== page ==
Long before there were metal detectors at the Moss Justice Center - the criminal courts for York County, where the most heinous crimes are tried - one of the barriers for anybody with bad intentions went by the nickname of "Mase."
Thomas Mason "Mase" Caveny stood about 6 foot 3 but looked to be the size of a statue. His shoulders seemed wide as a barn door. His huge hand that shook like a vice-grip was the size of a first-baseman's mitt. His smile stretched a whole face - unless it didn't.
A lady one time about a dozen years ago walked into the courthouse past the sign that said "No cellphones!" As she was checked by Caveny, a ringing came from the lady's purse. Caveny's smile turned from joy to a smile that caused backbones to bend.
"Unless you have an oven in that purse - and that cake is done baking because the timer went off - this is your chance to take that phone to the car," said a smiling Mase Caveny. "That's your warning."
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Then he held the door for the lady.
Mase Caveny, a couple years after retiring from the courthouse, died Monday. He was 85.
Just inside the courthouse front doors, Mase stood - and sometimes sat - for about 18 years. A sentry, a bailiff among a few bailiffs, all of whom checked everybody who came in.
Tens of thousands of people passed by Mase going to trials and hearings. Every nervous witness, every upset relative of a victim, every crying defendant's momma or sister.
Mase smiled at them all. He would hold doors for ladies and offer a sweeping bow for a laugh. He would chuckle and give directions. He was a gentleman, unless someone acted up and needed a stern warning - or handcuffs.
Nobody had to be asked twice by Mase Caveny to take off a hat in his courthouse. The first request was always enough.
Mase was not an elected official, not a big shot - but he was a big man at that busy courthouse. Many people who came in, the visit's tone was likely set by Mase. If a person entered surly, Mase lay down the law. If a person came in with a smile, Mase returned it and more.
"Mase was a great man, as reliable as they come," said Bidwell Ivey, another longtime bailiff who retired from the courthouse a few years ago. "We worked together there for years. He treated people like gold."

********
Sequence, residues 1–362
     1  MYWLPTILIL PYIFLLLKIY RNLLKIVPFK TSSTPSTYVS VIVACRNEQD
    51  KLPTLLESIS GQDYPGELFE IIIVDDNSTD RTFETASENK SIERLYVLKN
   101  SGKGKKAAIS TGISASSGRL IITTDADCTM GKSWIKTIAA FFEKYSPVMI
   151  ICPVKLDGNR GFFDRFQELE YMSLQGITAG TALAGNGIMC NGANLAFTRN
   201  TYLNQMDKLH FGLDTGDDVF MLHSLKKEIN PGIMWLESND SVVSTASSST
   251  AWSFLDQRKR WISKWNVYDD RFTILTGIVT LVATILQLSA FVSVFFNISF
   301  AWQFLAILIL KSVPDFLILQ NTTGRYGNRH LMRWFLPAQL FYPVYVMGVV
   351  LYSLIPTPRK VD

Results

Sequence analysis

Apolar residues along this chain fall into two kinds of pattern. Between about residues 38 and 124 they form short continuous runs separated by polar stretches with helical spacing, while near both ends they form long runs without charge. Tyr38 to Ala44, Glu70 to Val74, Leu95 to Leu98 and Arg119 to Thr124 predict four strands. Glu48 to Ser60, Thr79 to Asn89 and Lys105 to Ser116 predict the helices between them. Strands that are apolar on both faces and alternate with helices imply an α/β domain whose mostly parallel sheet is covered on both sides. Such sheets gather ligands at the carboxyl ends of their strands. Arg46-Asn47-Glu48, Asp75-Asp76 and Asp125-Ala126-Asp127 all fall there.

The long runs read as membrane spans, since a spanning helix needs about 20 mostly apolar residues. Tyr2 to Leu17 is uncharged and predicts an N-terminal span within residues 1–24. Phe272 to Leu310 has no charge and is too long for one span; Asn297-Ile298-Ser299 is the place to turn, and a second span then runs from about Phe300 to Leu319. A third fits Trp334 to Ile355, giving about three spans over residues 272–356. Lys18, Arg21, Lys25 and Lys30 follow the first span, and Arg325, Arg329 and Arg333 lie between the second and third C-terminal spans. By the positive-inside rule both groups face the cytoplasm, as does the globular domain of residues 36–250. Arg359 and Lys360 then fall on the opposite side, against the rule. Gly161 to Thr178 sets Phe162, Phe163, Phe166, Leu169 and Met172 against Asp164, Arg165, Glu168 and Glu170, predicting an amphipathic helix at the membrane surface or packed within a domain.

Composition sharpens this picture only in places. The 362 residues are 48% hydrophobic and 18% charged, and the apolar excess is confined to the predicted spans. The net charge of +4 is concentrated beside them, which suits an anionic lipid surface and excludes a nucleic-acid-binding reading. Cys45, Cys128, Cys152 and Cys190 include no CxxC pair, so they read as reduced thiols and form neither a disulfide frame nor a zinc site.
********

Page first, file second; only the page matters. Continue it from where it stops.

Mase was for all those years working alongside a legendary group of bailiff characters, including Ivey, a former Rock Hill city councilman; current chief bailiff Charles Dunlap, a former deputy sheriff; and the late Ed Dunn, a retired grocer.
Dunlap, a co-worker for so many years, said Mr. Caveny never forgot that a bailiff's job is public service. Few public officials have as much contact with people as bailiffs - and even fewer have to deal with such strained emotions of victims, relatives, witnesses and jurors.
"Mr. Caveny was a fine man to work with," said Dunlap, "and he treated the public so nice."
York County's resident judges the past two decades, Lee S. Alford and John C. Hayes III, both knew Mase Caveny and the other bailiffs as vital to helping protect the courthouse staff and people inside the building.
But it was Mase the man - the World War II Navy veteran, the Rock Hill Printing & Finishing textile worker, the son of a sharecropper and one of 14 children whose bailiff job came after a lifetime of work - that the judges were so fond of.
"He was a good man, a good friend, a genuine man," Judge Hayes said Wednesday after learning of Mase's death. "His smile was contagious. He smiled because he was truly happy to see you and shake your hand.
"As fleeting as these encounters usually were in this busy world, I always felt good after being with him even for a short time. He was always so happy and so glad to see you. He shared his happiness with all in his presence."
Judge Alford also was effusive in praising his longtime friend.
"He always had a friendly smile on his face and always had a friendly greeting when you saw him. He did a great job in his role as a bailiff in the courts and he will be missed by all of us."